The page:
Being the well-known fictional
(and public domain) character that he is, Scrooge
gets used quite a bit during the holiday season
to hawk all kinds of merchandise. Invariably, he
is portrayed as being made happy by their
product, showing that they have completely missed
the message in his story. "Oh, Scrooge would
have been a nicer, happier person if he had eaten
our cereal, drank our whiskey, or relaxed in our
recliner!" I think Dickens would not have
approved. But it's interesting seeing these
various uses and mis-uses of our favorite
images to view larger size.) Scanned from a 1971 copy of "Life"
Scanned from a 1986 magazine.
One of the worst offenders is this TV ad from Honey nut Cheerios that suggests that all Scrooge really needed was a bowl of their cereal to change his life forever!
A more recent commercial that uses Dicken's characters to hawk their stuff:
This one suggests that Scrooge wasn't a miserable person, just a sick one... boy, was Dickens confused about what was ailing Scrooge!
tree is decorated with bright merriment, and
song, and dance, and cheerfulness. And they are
welcome. Innocent and welcome be they ever held,
beneath the branches of the Christmas Tree, which
cast no gloomy shadow!" -Charles Dickens
So writes Charles
Dickens concerning a tradition that even in his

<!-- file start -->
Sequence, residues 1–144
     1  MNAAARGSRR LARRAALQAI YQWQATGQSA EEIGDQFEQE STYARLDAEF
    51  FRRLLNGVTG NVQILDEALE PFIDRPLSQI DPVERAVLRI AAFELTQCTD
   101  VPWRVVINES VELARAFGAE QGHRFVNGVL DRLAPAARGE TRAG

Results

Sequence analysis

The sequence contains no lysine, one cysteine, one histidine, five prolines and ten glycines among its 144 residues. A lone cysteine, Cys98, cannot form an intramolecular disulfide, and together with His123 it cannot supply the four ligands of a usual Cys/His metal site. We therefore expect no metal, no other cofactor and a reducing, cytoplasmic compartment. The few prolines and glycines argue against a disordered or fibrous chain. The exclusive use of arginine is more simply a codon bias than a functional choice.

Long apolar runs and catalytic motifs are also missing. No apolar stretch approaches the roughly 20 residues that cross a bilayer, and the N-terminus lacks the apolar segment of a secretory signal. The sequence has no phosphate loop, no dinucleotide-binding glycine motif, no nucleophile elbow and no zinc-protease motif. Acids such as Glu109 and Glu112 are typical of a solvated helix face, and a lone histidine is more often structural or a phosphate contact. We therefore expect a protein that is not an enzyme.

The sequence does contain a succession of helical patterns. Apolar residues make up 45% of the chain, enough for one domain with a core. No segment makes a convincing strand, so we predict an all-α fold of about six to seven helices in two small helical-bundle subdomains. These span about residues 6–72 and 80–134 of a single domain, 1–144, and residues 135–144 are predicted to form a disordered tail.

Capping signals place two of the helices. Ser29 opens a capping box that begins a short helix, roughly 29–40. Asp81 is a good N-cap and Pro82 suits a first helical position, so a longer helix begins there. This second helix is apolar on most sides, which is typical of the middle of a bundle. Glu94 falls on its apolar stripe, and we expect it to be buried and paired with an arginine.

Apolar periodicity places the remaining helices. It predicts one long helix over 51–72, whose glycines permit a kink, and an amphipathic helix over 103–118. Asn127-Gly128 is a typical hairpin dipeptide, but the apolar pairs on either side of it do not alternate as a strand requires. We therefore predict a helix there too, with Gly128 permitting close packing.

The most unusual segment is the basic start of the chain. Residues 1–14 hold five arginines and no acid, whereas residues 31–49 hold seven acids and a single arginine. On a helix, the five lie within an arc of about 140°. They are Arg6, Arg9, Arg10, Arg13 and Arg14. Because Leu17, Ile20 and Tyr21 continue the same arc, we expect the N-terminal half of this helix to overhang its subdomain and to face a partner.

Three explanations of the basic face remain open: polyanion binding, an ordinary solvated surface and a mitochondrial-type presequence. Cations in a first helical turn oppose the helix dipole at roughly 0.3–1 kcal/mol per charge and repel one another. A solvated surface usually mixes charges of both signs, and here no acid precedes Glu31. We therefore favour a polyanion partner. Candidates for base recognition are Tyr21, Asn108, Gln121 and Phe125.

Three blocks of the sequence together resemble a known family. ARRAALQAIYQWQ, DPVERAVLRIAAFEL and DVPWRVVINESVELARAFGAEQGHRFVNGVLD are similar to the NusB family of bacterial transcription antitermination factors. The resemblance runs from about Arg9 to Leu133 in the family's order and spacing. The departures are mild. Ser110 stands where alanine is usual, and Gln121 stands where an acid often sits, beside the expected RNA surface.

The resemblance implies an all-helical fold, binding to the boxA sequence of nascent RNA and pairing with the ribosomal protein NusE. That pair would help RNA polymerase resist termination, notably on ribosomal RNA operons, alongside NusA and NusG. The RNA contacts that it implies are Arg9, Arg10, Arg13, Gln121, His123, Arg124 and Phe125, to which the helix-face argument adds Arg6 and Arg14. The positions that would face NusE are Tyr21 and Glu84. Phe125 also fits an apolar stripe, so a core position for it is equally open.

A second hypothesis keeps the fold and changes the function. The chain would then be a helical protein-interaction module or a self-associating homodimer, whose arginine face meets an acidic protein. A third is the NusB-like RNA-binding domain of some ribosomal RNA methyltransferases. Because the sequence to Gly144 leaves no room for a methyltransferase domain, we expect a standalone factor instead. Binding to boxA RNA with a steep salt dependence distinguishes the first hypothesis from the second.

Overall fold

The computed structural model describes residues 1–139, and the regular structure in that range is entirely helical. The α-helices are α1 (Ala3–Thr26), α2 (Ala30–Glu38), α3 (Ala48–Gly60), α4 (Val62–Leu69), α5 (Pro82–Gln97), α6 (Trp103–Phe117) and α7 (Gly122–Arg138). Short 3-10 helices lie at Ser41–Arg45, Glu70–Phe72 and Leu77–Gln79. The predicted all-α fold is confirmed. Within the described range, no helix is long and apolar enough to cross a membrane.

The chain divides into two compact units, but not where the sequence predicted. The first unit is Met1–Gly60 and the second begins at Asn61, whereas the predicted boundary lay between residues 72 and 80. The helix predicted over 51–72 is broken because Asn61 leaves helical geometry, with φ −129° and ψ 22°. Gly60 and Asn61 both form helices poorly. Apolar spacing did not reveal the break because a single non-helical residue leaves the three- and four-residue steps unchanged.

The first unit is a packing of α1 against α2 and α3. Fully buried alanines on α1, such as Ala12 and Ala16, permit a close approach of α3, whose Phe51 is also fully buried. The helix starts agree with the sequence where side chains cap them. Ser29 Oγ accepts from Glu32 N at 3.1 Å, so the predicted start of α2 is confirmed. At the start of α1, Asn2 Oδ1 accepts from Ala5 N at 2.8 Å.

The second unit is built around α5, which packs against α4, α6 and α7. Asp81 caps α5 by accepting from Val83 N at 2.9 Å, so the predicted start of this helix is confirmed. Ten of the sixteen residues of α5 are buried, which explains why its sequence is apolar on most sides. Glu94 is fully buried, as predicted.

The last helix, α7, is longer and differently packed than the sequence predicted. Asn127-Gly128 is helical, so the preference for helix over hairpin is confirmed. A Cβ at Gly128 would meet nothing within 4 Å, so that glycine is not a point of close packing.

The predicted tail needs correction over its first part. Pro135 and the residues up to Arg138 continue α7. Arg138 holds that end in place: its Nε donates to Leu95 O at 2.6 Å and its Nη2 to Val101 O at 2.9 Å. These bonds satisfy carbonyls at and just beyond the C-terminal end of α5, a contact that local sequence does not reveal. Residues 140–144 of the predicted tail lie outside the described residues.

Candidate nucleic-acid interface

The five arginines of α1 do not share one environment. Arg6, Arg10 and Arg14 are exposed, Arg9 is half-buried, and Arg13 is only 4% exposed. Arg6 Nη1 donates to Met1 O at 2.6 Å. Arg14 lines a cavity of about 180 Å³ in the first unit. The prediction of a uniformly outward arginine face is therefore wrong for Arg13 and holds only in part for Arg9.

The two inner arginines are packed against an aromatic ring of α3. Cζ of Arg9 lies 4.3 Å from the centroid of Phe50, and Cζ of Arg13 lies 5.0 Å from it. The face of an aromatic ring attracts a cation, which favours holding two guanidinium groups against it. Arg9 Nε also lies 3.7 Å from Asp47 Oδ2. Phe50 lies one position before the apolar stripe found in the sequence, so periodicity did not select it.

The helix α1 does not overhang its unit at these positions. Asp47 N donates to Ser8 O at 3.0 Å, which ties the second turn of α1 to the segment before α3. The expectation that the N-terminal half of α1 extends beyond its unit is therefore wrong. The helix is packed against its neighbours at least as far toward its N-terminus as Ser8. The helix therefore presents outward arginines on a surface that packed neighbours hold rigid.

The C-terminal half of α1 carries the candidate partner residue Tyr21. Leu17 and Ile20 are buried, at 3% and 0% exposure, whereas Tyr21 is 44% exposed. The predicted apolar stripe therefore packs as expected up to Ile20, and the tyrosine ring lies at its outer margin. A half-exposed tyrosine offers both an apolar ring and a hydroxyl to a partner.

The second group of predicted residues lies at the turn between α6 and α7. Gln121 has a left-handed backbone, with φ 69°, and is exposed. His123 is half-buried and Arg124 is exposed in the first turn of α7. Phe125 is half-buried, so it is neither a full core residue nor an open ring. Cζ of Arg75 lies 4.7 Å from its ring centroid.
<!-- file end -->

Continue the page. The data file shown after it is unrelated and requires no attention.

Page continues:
day was precious. Enjoy his story, "The Christmas Tree," as he recollects the joy it brought to
can be insensible to the outpourings of good
feeling, and the honest interchange of
affectionate attachment, which abound at this
season of the year? A Christmas family-party! We
know nothing in nature more delightful! There
seems a magic in the very name of
Christmas." -Charles Dickens
The family seated
around the Christmas dinner table is a treasured
time that becomes forever etched in our hearts.
Enjoy Dicken's story, "A Christmas Dinner," as he relates the joys it brings.
friend, lost child, lost parent, sister, brother,
husband, wife, we will not so discard you! You
shall hold your cherished places in our Christmas
hearts, and by our Christmas fires; and in the
season of immortal hope, and on the birthday of
immortal mercy, we will shut out Nothing!" -Charles Dickens
In his short
story, "What Christmas Is
As We Grow Older," Dickens encourages us to not forget the past joys
and loves we have known, in order to shut out the
pain of loss. Rather, we defeat the loss by
celebrating the memories of times and people once
close to us.
children, I am very anxious that you should know
something about the History of Jesus Christ. For
everybody ought to know about Him." -Charles
forgot the Source of the holiday cheer he spread
with his writings, or the meaning of the silent
night in Bethlehem so long ago. In this excerpt
from his private story written for his children,
"The Life of Our Lord," Dickens
explains simply in his own words "The Christmas Story."
and Film Versions
Information about the 1951 version with
Alastair Sim, with photos, comparisons to the
novel and excerpts from the soundtrack.
Information about the 1939
radio version produced
by Orson Welles and starring Lionel Barrymore.
Information about the BBC radio version starring Michael Gough.Also the 1975
CBS Radio Mystery Theater version starring E.G.